2019, Clay Pipe Music
Written and illustrated by Frances Castle
Whenever I look at my schedule and wonder if I should (or even can) continue sacrificing the time to blog, along comes another self-published gem that reignites my passion for comics and independent storytelling. Such is the case with Frances Castle’s Stagdale, a series that is, from its first instalment alone, seemingly equal parts coming-of-age-drama, Victorian ghost story, World War II mystery and multimedia project. It’s an indefinable work of the sort that you simply would not find outside of indie comics or small press.
Part 1 takes place in 1975, with twelve-year-old Kathy and her divorced mother moving into a dilapidated cottage on the outskirts of Stagdale, where they receive a far from warm reception. Kathy soon befriends village lad Joe, who tells her of the lost Stag Jewel, a golden jewelled Saxon amulet that, as part of local folklore, was said to bring the town good luck. The amulet was stolen during World War II, purportedly taken by a German boy who lived in the cottage Kathy now inhabits. But Kathy begins to suspect there’s much more to Joe’s story, Stagdale Manor and her cottage, when glimpses of a ghostly apparition lead her to a book hidden in the walls.
There’s an eerie, existential quality to Stagdale, though it’s subtle enough that I honestly have no idea where the series is headed. A mundane creepiness slumbers beneath Castle’s quaint countryside, with recurrent hints at a dark history evoking Twin Peaks, The Wicker Man, and all those wonderfully creepy British children’s miniseries from the 70s and 80s, such as Children of the Stones, that shaped a generation of creatives.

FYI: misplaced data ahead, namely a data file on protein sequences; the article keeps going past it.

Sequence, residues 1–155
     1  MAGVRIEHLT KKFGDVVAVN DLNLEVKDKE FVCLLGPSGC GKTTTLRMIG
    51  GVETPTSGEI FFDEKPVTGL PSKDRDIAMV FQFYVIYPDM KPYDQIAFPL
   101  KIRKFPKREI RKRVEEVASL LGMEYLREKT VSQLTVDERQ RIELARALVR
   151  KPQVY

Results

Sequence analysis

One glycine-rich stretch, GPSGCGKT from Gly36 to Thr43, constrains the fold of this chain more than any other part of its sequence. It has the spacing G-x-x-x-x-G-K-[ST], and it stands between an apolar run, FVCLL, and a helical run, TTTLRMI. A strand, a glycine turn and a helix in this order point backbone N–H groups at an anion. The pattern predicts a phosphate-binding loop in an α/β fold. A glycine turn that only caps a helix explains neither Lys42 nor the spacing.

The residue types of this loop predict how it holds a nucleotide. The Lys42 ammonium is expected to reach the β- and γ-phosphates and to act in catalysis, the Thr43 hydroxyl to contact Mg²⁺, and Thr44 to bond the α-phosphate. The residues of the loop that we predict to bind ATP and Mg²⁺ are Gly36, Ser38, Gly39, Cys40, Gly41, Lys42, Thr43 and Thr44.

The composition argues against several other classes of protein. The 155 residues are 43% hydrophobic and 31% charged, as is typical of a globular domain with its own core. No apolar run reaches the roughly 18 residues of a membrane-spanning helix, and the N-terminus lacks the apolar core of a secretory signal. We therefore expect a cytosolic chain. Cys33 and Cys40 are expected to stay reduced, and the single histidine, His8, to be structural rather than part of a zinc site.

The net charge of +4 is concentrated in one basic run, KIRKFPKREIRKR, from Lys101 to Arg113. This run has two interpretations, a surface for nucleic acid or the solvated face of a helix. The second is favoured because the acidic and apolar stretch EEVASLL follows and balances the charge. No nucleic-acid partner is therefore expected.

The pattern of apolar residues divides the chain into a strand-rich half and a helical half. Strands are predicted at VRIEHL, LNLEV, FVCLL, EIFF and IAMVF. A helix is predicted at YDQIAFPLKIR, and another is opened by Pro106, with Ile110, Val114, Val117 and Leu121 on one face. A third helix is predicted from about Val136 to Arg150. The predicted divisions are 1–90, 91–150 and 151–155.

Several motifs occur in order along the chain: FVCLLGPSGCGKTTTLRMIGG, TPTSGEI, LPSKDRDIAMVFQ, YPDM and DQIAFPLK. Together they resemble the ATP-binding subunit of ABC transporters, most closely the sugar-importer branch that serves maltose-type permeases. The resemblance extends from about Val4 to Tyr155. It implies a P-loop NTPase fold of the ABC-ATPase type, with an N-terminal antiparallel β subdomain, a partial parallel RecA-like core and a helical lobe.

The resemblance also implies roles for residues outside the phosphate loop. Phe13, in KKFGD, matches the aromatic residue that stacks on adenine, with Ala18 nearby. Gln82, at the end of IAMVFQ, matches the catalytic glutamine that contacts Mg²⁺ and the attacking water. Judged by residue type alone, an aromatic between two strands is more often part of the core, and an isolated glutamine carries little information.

Castle’s clean artwork and busy panel compositions are descended from the same bloodline as the worlds of Posy Simmonds and Raymond Briggs. Some pages, such as Kathy’s visit to the Stagdale Museum, bustle with an overwhelming level of detail, information and inset panels. There’s an almost palpable sense of place to Stagdale, with its entangled history and reticent locals. It feels like an authentic location, and Castle’s establishing shots of the titular town often made me nostalgic for childhood holidays spent travelling alone the South West Coast of England.
The book includes a download code for an atmospheric Moog soundtrack by Castle’s project The Hardy Tree; a limited edition of the book with a flexi-disc was also available but is unfortunately now sold out. I’m glad I listened to the score after I’d read the book, as it instils a completely different atmosphere than I’d imagined myself. But isn’t that just the beauty of comics as opposed to other storytelling mediums? The artist provides visual prompts and dialogue for the readers to essentially then direct and score themselves. The soundtrack itself is excellent though, and I appreciated that it gave me a completely different idea as to where Stagdale’s talented creator plans to take her story next. It’s not too rare for an indie book to release with its own soundtrack, but Stagdale is possibly the first example where I felt the score genuinely added something unique to its source.
Stagdale’s first instalment is a tough book to fully review, as it ends just as it introduces its central conceit, with Kathy’s discovery of a diary promising to take us back to World War II in the follow-up. The press release teases a story about “two outsiders, from very different cultures and times whose lives become entwined by a dark mystery,” but even judged purely as an introduction to Stagdale’s locale, characters and (crucially) mood, it’s an astounding debut and a project that, in a few years’ time, you’ll be proud you supported.
You can buy the first part of Stagdale for £9.99, sample the aforementioned soundtrack and also check out Frances Castle’s sublime prints and limited edition vinyl at www.claypipemusic.co.uk.